Interestingly enough, Travis Pastrana’s name is not on the entry list for the season finale at SEMA, with no explanation given for the omission. It’s unknown whether Pastrana will field two cars as he did in Texas and X Games, or continue with only a single car as in Charlotte, New Hampshire, and Las Vegas.

Fans looking to buy tickets can read the series’ FAQ page for more information on the event.

– Chris Leone

GRC Race Review: Foust Takes Win, $25,000 Bonus In Las Vegas

Image via Las Vegas Motor Speedway Facebook

With $25,000, bragging rights, and a nearly insurmountable lead in the championship on the line, Tanner Foust came through with his first win of the Global Rallycross Championship season at Las Vegas Motor Speedway last night. By beating Olsbergs MSE teammate Brian Deegan to the finish line, Foust also secured the Discount Tire/America’s Tire Cup, awarded to the top driver in a three-race mini-championship that also included rounds in Texas and New Hampshire.

Foust, who scored two wins in the European Rallycross Championship earlier this season, elected to skip the ERC season finale in Germany in order to go for the $25,000 bonus that comes with the Discount Tire/America’s Tire Cup. While he gave up second in ERC points to Liam Doran, who elected to skip the GRC race and took home the victory elsewhere, Foust extended his points lead to 16 over Deegan and mathematically eliminated the rest of the field from title competition.

Image via Las Vegas Motor Speedway Facebook

In qualifying, Foust, Ken Block, and Travis Pastrana laid down the three fastest times, meaning they would start on pole in their three respective heats. Foust, Sverre Isachsen, Bucky Lasek, Dave Mirra, and Richard Burton comprised the first heat; Block, Rhys Millen, Andreas Eriksson, David Binks, and Pat Moro made up the second heat; and Pastrana, Toomas Heikkinen, Brian Deegan, Samuel Hubinette, and Stephan Verdier made up the third heat.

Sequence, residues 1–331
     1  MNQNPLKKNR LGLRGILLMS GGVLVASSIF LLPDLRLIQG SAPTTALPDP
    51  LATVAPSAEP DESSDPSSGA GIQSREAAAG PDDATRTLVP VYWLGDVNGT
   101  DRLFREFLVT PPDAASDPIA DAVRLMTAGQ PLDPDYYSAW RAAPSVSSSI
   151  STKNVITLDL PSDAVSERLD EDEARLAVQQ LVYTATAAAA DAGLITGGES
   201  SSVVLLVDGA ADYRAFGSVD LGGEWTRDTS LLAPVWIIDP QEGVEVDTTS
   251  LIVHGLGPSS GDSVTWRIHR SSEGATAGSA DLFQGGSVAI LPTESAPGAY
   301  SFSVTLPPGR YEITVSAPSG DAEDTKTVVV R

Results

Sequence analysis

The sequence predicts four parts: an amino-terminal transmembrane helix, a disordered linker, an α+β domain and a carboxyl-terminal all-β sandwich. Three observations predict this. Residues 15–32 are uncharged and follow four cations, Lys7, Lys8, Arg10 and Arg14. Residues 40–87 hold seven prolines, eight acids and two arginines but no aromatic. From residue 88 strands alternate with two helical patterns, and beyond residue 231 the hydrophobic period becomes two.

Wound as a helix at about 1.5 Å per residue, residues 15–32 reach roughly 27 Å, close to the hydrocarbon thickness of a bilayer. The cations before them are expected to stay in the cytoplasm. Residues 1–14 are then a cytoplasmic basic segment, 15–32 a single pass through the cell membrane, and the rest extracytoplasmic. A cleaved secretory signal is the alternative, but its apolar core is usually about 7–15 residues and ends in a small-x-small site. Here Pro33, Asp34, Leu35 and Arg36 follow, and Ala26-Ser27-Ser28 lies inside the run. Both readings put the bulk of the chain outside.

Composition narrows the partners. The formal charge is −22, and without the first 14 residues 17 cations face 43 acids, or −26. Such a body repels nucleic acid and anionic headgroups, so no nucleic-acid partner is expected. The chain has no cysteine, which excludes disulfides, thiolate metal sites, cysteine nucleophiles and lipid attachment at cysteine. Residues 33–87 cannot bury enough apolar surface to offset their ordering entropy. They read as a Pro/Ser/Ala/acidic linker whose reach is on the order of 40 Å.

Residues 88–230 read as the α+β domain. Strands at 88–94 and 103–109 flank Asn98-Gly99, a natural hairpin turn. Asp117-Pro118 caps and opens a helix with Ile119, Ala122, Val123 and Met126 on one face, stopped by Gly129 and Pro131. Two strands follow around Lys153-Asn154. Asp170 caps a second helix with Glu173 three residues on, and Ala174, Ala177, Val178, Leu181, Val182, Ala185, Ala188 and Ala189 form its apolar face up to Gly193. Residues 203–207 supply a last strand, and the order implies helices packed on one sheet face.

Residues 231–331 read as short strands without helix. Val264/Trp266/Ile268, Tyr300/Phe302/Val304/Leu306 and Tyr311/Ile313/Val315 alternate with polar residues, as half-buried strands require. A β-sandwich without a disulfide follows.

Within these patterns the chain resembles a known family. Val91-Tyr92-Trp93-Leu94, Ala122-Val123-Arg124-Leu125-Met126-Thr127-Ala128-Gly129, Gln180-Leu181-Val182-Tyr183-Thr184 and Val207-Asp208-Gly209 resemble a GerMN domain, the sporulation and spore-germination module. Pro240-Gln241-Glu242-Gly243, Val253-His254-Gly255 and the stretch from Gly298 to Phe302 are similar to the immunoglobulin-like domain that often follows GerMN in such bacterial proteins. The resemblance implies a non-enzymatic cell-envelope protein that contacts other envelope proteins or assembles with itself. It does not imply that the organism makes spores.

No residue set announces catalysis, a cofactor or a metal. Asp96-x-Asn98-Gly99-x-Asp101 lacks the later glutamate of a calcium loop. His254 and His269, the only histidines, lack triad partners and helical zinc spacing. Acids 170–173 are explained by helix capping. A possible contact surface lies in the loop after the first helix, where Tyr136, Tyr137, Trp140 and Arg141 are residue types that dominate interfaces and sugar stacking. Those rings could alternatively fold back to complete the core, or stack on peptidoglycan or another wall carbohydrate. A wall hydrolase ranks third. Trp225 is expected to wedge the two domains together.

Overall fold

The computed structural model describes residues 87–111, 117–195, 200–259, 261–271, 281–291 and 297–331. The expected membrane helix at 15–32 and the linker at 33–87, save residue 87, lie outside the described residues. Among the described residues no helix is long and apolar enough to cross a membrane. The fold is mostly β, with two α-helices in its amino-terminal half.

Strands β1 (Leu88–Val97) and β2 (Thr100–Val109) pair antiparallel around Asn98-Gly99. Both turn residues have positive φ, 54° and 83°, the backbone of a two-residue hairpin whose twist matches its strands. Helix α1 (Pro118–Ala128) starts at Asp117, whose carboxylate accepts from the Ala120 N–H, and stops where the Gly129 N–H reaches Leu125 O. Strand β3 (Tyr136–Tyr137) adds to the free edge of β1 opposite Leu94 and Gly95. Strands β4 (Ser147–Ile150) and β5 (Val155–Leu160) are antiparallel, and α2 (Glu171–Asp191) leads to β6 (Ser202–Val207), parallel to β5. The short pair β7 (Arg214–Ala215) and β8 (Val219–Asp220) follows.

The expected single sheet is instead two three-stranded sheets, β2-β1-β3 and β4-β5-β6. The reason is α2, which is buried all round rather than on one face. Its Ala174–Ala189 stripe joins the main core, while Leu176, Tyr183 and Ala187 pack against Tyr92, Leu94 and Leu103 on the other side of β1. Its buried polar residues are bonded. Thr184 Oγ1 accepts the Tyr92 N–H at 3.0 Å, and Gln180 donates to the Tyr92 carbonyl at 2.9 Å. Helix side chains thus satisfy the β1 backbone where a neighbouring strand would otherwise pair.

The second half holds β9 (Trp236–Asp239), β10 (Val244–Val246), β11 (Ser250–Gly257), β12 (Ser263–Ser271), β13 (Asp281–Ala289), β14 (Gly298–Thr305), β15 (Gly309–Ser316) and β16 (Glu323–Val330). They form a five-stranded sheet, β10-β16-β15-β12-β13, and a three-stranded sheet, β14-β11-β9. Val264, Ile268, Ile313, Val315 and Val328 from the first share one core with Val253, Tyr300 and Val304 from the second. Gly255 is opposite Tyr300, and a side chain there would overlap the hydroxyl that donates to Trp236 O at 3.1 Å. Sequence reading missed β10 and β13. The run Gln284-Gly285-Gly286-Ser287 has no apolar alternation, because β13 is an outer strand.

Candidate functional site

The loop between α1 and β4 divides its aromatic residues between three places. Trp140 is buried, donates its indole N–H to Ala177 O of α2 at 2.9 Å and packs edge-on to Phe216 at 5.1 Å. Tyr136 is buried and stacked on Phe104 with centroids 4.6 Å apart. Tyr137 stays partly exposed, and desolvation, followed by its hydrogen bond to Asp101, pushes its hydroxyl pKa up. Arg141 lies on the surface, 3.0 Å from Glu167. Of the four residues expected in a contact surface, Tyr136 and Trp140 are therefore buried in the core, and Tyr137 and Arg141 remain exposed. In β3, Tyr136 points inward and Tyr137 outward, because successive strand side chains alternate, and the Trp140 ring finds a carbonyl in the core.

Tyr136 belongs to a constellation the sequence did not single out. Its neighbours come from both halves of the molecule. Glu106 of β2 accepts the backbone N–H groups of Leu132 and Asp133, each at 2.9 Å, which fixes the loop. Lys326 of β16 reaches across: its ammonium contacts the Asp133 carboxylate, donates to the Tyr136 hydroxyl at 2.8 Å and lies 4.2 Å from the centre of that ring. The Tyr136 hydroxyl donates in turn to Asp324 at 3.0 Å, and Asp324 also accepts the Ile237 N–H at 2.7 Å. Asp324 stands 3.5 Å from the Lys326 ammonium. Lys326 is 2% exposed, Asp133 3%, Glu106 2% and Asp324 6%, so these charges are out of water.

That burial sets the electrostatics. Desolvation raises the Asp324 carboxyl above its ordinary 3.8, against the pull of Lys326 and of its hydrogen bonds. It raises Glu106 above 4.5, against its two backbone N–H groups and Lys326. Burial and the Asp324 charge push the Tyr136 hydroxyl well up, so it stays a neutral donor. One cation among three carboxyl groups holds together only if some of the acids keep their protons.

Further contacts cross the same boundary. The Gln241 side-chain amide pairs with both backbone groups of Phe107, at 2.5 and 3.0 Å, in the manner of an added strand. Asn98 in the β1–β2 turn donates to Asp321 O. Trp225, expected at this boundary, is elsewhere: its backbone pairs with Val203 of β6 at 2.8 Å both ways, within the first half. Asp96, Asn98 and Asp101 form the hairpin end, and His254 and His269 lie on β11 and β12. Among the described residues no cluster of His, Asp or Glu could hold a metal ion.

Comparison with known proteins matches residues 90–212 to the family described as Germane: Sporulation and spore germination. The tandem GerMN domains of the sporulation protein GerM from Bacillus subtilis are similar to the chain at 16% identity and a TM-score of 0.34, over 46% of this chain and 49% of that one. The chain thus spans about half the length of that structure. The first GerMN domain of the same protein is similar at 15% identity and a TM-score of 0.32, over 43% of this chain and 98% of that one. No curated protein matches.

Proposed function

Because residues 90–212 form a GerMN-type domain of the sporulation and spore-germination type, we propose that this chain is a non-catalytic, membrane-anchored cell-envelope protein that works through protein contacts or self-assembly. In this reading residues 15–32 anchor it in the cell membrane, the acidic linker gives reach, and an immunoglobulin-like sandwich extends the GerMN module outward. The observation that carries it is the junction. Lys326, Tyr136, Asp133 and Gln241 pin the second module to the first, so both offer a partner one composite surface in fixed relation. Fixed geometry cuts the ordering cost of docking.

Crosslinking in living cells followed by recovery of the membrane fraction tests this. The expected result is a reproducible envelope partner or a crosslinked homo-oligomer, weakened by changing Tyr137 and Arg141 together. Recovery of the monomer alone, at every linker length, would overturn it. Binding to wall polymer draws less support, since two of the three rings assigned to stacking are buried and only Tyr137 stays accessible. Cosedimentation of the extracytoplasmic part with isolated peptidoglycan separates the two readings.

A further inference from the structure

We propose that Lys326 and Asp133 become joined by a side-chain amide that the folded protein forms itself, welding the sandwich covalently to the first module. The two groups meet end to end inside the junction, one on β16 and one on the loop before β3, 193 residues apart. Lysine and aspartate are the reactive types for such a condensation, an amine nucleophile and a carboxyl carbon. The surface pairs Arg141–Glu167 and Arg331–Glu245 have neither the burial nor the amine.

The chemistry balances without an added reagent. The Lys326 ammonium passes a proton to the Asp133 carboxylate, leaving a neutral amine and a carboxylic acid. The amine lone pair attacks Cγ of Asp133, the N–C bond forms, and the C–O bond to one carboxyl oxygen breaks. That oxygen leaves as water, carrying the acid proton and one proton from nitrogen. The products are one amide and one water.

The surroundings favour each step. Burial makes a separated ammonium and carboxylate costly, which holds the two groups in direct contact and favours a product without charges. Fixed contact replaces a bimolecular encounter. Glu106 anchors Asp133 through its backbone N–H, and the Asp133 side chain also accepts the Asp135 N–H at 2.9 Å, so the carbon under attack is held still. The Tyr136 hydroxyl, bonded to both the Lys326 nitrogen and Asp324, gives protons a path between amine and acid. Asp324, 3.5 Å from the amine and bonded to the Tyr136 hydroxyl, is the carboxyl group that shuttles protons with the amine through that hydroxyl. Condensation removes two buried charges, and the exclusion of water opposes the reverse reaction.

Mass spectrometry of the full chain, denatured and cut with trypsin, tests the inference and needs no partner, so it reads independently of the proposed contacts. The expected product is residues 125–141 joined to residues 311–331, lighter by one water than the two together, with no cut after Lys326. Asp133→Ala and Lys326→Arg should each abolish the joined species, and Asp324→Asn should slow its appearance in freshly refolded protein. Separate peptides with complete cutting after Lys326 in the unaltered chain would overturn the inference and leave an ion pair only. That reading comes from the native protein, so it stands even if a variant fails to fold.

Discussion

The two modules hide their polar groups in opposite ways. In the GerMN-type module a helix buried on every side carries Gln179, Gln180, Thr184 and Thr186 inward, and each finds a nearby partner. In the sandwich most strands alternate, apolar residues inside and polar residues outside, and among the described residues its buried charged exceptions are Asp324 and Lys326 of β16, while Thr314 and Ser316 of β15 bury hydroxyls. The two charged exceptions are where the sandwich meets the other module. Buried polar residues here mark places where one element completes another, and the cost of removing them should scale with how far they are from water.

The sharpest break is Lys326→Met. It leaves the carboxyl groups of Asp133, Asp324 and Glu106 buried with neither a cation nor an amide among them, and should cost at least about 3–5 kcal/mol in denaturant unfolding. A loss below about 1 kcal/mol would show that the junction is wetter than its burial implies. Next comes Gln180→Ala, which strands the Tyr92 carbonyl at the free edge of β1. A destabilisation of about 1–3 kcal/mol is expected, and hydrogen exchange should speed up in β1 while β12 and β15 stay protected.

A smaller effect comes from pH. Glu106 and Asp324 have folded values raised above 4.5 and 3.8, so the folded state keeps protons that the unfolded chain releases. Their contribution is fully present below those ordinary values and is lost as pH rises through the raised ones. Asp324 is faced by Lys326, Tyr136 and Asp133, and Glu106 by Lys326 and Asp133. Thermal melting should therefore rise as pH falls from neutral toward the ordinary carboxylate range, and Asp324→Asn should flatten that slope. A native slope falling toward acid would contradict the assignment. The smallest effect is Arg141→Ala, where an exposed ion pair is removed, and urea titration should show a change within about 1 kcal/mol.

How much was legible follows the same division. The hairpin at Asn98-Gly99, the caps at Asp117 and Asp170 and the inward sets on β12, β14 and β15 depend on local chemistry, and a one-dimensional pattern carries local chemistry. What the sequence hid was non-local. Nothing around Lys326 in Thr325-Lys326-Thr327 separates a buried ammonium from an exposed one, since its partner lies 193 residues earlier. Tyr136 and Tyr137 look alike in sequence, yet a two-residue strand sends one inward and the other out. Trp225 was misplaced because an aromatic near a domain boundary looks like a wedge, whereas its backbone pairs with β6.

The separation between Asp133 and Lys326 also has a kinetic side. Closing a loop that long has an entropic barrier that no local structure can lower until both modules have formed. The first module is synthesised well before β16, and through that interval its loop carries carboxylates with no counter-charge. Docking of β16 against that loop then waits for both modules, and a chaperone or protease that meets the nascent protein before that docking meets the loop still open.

Burton would not complete the first heat, locking his wheels up before the jump and hitting the safety barrier head on at the edge of the landing pad. Burton was removed from the car via stretcher, complaining of a sore back, but all tests were negative.

Foust and Isachsen advanced from the first heat, Block and Millen advanced from the second heat, and Deegan and Heikkinen moved on from the third heat. Eriksson, substituting for Marcus Gronholm, seemed primed to move on in the second heat before losing control in the final dirt turn and yielding the lead; earlier in that heat, Binks went into the dirt corner too aggressively to lose a position to Millen. Pastrana also failed to advance immediately despite winning his heat, after accidentally taking the shortcut twice and earning himself a 30 second penalty.

Image via Las Vegas Motor Speedway Facebook

The last chance qualifier sent four drivers to the final: Eriksson and Pastrana, who both made up for their mistakes in the preliminary heats, as well as Verdier and Lasek. Verdier rebounded strongly after a poor start left him eighth going into the first corner; meanwhile, for Lasek, it was his first final appearance of the season after a few instances.

For Hubinette and Binks, it was the first time that either of them missed a final all season, greatly affecting their championship hopes. Binks and Mirra had issues in the first corner that left them at the back of the pack, while Hubinette’s Saab suffered mechanical failure.

In the final, Block and Eriksson had issues through the first corner, while the field split the shortcut and gap jump evenly on the first lap. From there, Foust paced Deegan to the end, while Isachsen edged Heikkinen for third. Pastrana suffered an engine failure in the final to take him out early. The biggest gainer in the final was Verdier, who spent most of the race at the back before taking the shortcut late and stealing fifth place.

Image via Las Vegas Motor Speedway Facebook

Last night’s results and points totals were:

  1. Tanner Foust, #34 Ford, 20+1 points
  2. Brian Deegan, #38 Ford, 17+1
  3. Sverre Isachsen, #11 Subaru, 15